"What he's done for Dortmund and to then produce that on the international stage and how he's taken it in his stride just shows the maturity of him.
"I think the world's his oyster. Really, really down to earth guy and humble. I wish him all the success because he's got a great future ahead of him."
You only have to watch the behind-the-scenes clips on England's YouTube channel to get an understanding of the togetherness amongst this squad.
Walker is the oldest of the crop and likes a bit of down-time, but he does enjoy the company of the rest of the squad.
He said: "A lot of the lads have said it but it's like club football here now. It's been the same group, with a few additions here and there, for the last couple of years and we've really got some close friendships here.
"You're spending a lot of time away from home, in a bubble and basically living 24/7 with these people. I want to stay here until the 11th of July and stay here until the final so hopefully they don't get on my nerves too much!"
For a number of years, the former Spurs and Sheffield United man has largely been a mainstay for England.
He did, however, have a period out of the squad when he was dropped by Gareth Southgate before the European Championship qualifiers at the start of the 2019/20 campaign. It gave him the jolt he needed.
"It was a big learning curve and a big reality check," Walker said. "I've been in here since I was 20, continuously being picked in squads. I probably didn't start playing until I was 23 because Glen Johnson was on fire and doing so well at the time.
"I kind of took it for granted, just being called up. To step back and watch the lads at home, they were getting the results and doing really well but it hurt a lot not being involved.
"I just had to concentrate on my game. Personally, I thought I was doing well at Manchester City and was putting in good performances so I just had to keep doing that and find myself back in the team somewhere down the line."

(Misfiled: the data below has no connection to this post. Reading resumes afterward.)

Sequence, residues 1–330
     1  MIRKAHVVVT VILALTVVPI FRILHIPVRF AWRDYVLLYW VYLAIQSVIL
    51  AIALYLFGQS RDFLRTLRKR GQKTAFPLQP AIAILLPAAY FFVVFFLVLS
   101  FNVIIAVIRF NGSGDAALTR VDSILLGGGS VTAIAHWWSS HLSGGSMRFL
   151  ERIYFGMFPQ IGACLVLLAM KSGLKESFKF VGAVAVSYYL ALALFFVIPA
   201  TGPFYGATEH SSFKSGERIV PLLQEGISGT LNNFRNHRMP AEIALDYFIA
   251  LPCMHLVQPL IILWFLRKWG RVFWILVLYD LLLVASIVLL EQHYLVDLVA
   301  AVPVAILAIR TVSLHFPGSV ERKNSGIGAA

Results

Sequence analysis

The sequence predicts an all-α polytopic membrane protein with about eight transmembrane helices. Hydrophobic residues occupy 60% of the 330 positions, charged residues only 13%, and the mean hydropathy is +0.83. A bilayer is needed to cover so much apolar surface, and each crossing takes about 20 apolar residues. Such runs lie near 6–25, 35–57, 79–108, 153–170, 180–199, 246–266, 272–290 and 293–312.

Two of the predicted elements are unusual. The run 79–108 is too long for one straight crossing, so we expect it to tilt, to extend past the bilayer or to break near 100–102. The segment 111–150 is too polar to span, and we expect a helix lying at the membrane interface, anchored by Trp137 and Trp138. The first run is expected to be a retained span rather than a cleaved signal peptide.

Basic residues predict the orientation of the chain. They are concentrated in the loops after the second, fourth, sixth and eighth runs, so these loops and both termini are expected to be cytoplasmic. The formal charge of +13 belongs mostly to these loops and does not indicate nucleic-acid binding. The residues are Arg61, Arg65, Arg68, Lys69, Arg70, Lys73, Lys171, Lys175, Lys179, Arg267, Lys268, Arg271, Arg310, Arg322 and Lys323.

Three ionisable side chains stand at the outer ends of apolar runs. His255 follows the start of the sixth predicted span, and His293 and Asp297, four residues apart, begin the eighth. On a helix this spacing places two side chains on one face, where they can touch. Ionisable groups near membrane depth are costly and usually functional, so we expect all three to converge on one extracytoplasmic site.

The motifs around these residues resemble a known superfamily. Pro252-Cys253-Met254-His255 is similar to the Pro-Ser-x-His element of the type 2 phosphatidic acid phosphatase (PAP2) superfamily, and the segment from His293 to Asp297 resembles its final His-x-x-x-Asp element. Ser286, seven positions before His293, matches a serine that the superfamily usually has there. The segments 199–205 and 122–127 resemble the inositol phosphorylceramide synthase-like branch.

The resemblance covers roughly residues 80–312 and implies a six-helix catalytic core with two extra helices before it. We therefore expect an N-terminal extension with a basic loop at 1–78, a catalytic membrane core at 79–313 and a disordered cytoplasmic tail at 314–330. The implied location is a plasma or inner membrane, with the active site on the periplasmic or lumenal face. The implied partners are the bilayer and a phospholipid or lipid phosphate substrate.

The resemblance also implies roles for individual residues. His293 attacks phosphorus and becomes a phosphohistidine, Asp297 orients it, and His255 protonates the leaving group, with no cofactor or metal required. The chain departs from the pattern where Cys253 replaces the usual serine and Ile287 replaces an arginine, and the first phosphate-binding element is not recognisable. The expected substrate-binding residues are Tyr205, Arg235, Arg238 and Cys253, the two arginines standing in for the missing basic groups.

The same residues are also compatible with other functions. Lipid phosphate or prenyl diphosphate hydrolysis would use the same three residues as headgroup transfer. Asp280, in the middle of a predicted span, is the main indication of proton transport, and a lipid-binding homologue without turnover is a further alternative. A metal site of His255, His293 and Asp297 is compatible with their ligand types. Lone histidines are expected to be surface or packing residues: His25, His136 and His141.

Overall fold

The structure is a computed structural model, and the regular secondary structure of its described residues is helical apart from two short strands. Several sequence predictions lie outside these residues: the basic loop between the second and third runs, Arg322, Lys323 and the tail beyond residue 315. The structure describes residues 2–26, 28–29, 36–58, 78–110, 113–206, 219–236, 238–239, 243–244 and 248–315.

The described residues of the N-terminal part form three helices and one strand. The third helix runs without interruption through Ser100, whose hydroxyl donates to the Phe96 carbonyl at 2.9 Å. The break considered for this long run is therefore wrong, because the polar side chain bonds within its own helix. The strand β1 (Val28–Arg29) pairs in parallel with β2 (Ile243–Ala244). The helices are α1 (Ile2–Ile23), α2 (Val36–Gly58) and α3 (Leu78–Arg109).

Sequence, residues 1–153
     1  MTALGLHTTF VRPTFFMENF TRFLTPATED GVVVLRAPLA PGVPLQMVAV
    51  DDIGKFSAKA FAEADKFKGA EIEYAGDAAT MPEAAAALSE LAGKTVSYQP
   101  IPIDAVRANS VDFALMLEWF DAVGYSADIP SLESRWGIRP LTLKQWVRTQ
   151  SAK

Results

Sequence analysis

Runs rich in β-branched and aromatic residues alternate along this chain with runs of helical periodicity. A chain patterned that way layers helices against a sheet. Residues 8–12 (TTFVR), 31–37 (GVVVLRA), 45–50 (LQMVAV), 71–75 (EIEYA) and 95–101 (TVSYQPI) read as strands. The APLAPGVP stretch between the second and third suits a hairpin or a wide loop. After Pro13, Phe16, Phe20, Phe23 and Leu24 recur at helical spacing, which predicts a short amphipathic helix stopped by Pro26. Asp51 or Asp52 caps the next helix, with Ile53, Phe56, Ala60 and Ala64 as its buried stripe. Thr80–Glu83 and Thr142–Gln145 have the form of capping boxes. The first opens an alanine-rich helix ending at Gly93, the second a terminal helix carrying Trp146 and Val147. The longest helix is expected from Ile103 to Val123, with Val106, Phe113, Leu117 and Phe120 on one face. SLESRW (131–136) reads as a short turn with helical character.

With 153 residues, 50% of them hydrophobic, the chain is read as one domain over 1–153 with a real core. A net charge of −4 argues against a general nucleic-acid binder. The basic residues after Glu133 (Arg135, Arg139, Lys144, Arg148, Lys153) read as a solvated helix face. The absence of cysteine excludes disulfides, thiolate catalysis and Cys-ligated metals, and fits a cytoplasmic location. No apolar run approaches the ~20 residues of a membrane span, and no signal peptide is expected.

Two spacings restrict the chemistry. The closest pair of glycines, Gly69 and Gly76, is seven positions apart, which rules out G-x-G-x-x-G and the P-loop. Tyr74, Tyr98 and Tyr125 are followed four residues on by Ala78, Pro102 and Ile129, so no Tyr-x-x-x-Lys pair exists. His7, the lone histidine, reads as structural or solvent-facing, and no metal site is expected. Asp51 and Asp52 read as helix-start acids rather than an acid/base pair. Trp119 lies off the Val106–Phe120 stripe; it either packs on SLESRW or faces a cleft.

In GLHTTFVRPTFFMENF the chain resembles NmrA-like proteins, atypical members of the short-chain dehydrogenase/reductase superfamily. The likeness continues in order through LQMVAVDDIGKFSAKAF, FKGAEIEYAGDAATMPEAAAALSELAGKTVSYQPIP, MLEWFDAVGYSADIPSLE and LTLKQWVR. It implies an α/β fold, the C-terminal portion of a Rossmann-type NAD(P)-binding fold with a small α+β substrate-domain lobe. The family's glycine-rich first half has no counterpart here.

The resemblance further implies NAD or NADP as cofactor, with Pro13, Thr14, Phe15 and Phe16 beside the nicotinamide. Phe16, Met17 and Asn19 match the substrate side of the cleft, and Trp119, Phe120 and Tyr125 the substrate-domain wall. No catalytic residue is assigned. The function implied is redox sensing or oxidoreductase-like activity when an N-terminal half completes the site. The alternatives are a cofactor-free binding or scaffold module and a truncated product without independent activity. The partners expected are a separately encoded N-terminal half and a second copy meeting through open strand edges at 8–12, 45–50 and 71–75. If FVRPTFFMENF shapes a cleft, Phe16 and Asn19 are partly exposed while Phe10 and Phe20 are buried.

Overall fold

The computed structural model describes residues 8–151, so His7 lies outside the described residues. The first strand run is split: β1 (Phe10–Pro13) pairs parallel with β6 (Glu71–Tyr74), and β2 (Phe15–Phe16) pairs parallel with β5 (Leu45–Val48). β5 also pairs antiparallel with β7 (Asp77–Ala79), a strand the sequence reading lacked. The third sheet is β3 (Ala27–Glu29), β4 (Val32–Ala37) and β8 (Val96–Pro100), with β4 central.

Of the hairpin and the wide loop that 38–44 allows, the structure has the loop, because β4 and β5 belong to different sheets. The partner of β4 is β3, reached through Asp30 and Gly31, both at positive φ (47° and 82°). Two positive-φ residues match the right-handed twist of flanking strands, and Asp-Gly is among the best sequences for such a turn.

Of course, a boy from the 'Steel City' was never going to give up and by the time the Euros rolled around, Walker was named in the starting XI for the opening group game, a 1-0 win over Croatia at Wembley.
Walker was rested for the 0-0 draw with Scotland, but returned to the side against Czech Republic and played a part in a third successive clean sheet - setting England on their way to a meeting with Germany in the last-16.
His next outing for the Three Lions will be Walker's 58th but he'll never get tired of pulling on that England shirt, especially in a big tournament at Wembley.
"It's the pinnacle of everyone's career," he said. "You want to go and represent your country first and foremost but to represent your country in a tournament is a special occasion - especially at Wembley.
"We need to really show the fans how far we've come as a team in the last couple of years.
"It's always good to get the country behind us but I think we've set the bar now. We've set the expectations high now and we need to live up to them.
"There's good players in this team who can deal with that pressure, and we need to put our best foot forward and attack this tournament with the powers that we've got really.
"To play in front of your fans is always the best. We need to make it as difficult as possible for teams coming to play at Wembley.
"We know the pitch; we know the stadium and we've got the 12th man behind us."